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-   -   2008 Gen 2 Prius Plug-in Conversion (https://ecomodder.com/forum/showthread.php/2008-gen-2-prius-plug-conversion-33219.html)

evric 12-14-2015 06:02 PM

2008 Gen 2 Prius Plug-in Conversion
 
My project to convert my 2008 Prius to make it Plug-in is now complete.
I used the 10KW kit from Plug-in Supply without the charger, batteries and BMS. The latter I purchased from within in Australia to save freight costs.
I used 76 Winston 40Ah prismatic cells in a custom steel frame.
The way I did this conversion left most of the trunk space available for strollers and car seats etc for my wife to cart the grand kids around.
At the moment we are getting around 2.4 Litres per 100Km (98MPG(US) or 118MPG IMP)) and very happy with this long term average over 1000's of km.
By charging each night we are now getting around 2000km to a tank of petrol.
In fact the other day I filled up when the petrol gauge was down to 3 bars... after filling I found that it only took 35 Litres so there was 10 Litres left which would have allowed us to go at least another 400km !

Please see the Blog on my website: www.evplus.com.au

I'll put some photos up here soon...

Eric
Downunder

Vman455 12-14-2015 10:57 PM

Wow! Very nicely done; I like that battery layout.

evric 12-18-2015 07:20 AM

This photo shows the layout of the 76 cells in the back of the Prius...

http://www.evplus.com.au/images/Battery15.jpg

evric 12-18-2015 07:24 AM

This is a closup of how the cells are held down.

The threaded rod are welded to the base of the battery frame and the top nut/washer (silver soldered) combination (eventually covered with felt) supports the clear poly-carbonate cover.
In the final production, instead of the nut and split washer combination, I used Nyloc nuts (a special nut with a nylon insert crimped in), these offer great resistance against vibrating loose
Checkout the blog for more photos: www.evplus.com.au/evplus_blog.htm

http://www.evplus.com.au/images/Frame_17.jpg

oldtamiyaphile 12-19-2015 09:37 AM

I bought my Prius with the intent of doing a plug in conversion, but it only costs five cents/ km in petrol (best case EV's quote 3c/km), so based on your 50/50 petrol/electric usage, the monetary saving is in the order of one cent/ km.

If the conversion cost was a modest $3,000, the pay back would take 300,000km.

Sad but true :(

evric 12-19-2015 04:39 PM

Hi Oldtami...
Thank you for your comments. Where did you get the 50/50 petrol/electric usage figure from? (hopefully not from my website)
That figure would be correct for the standard Prius. My conversion now would be more like 25/75 petrol/electric.
I worked out that even with a total conversion cost of around $7,000 (including 76 LiFePO4 cells) the payback would be around 270,000Km.
In the meantime I am enjoying a very quiet driving experience for most of the time... and less trips to the smelly old petrol station.
Eric

oldtamiyaphile 12-19-2015 08:03 PM

Quote:

Originally Posted by evric (Post 502715)
Thank you for your comments. Where did you get the 50/50 petrol/electric usage figure from? (hopefully not from my website)
That figure would be correct for the standard Prius. My conversion now would be more like 25/75 petrol/electric.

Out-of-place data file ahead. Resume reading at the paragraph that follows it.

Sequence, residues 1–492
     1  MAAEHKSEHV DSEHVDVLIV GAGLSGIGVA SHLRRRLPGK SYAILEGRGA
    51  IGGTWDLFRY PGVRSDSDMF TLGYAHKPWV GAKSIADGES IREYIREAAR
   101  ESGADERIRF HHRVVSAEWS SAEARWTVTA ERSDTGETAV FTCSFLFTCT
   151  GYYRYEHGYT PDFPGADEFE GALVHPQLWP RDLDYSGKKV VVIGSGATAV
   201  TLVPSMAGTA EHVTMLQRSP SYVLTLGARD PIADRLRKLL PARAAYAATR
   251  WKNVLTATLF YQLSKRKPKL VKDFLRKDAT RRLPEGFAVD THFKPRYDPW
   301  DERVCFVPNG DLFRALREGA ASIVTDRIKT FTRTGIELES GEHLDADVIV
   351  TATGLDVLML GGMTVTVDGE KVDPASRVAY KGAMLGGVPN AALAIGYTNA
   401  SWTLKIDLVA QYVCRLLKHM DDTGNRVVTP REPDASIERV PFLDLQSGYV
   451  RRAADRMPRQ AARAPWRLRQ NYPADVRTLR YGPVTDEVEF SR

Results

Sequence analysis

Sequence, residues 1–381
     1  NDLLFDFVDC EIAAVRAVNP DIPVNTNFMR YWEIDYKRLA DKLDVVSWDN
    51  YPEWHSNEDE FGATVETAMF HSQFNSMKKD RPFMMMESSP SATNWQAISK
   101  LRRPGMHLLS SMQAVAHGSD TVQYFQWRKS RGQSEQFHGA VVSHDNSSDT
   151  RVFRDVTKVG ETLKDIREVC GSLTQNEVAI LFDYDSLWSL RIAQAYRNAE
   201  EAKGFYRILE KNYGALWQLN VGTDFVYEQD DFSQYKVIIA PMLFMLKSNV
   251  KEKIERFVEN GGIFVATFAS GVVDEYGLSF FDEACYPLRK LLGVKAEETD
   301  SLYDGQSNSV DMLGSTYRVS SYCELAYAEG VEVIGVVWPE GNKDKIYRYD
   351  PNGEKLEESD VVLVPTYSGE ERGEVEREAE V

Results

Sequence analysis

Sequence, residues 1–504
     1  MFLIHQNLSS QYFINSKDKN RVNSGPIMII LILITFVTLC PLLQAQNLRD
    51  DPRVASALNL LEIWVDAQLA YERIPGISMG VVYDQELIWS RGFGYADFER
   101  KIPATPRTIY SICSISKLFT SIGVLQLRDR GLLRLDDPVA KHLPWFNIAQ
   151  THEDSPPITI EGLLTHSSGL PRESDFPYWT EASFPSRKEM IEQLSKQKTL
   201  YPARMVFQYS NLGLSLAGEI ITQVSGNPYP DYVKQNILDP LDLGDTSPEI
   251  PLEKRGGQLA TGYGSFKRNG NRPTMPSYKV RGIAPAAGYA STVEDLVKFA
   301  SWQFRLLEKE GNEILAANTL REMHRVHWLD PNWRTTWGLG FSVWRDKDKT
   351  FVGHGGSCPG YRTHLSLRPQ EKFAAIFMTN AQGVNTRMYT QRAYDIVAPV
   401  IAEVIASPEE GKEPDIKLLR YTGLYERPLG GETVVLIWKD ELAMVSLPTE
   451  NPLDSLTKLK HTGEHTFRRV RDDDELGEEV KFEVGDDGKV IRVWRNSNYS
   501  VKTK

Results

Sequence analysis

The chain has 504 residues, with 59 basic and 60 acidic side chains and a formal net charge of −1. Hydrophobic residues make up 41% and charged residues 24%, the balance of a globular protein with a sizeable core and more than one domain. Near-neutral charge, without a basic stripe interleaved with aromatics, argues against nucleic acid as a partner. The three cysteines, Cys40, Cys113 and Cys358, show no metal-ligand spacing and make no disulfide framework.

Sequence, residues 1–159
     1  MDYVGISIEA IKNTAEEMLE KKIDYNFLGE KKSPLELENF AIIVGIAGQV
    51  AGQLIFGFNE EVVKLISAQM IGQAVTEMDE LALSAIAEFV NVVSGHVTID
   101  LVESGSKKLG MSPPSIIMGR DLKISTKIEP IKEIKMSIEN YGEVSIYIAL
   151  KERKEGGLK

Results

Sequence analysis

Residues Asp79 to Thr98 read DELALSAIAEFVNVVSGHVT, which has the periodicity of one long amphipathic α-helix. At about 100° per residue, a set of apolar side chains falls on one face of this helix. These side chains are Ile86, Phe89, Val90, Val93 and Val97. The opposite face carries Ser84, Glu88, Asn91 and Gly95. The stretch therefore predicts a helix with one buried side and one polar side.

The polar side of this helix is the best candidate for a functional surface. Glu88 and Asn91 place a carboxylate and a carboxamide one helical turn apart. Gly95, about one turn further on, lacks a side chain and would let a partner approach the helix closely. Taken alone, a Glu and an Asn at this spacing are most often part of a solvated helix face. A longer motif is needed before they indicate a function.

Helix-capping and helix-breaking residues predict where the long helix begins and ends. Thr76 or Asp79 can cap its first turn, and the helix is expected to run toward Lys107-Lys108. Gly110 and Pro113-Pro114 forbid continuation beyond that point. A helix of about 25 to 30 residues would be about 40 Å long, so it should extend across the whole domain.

The stock Prius might use it's electric motors 50% of the time, but 100% of that energy came from petrol. Compared to my car (and most other G2 models), you've halved your petrol consumption, so it's safe to assume that half of your car's energy now comes from the grid.

If electricity is free, then your fuel costs have come down to 2.5c/ km. In which case the payback would be around 270,000km. But electricity has a cost too (even if you have solar panels - you probably do- and produce excess power you'll get money back from the electricity supplier).

I've calculated around 4c/km (as have others) is the cost to fuel a Nissan Leaf. So if you run 50% on EV at 4c/km and 50% on petrol at 5c/km. You're only saving 0.5c/km.

That's a 1.4million km payback :eek:

3c/km for EV power is the best case scenario if you live where electricity is cheap or have a super efficient EV.

The only way I can see myself doing the plug in conversion now is if I did something like a 2kWh conversion, enough for ~10km of range, that would be enough for 100% EV usage on 95% of my Prius trips. So I probably use around one tank of petrol a year, but still, I'd only be saving 1c/km.

I realize that money saving isn't really the point of a project like this, but it still has to be considered. Just as a comparison I'm contemplating swapping the 4.0l I6 in my Jeep for a 6.2l LS3. People who've done this swap have reported a 2l/100km improvement in economy (going from my current 12 down to 9.5l/100km). That's a 2.7c/km saving but still 370,000km until payback...

evric 12-19-2015 08:28 PM

I don't really want to keep this fruitless discussion continuing, but I would just like to say that the long term average of 2.5 Litres / 100km consists of driving which consists of much hill work and high speed driving(by my wife, most of the time). Both of these types of driving are not suited to using the Prius in 100% electric mode. I can drive it 100% electric (and I do) around the metro area (on the flat and only up to 60km/hr) for distance of around 75km... and loving it.
Over and out.
Eric

Baltothewolf 12-20-2015 04:24 AM

Very well done. I wish something like this was available for the insight, I can imagine 200+mpg averages would be doable. Depending on the commute distance of course.

Daox 12-20-2015 08:20 AM

Great looking conversion! Thanks for sharing. I like how the pack doesn't intrude into the normal usable space.


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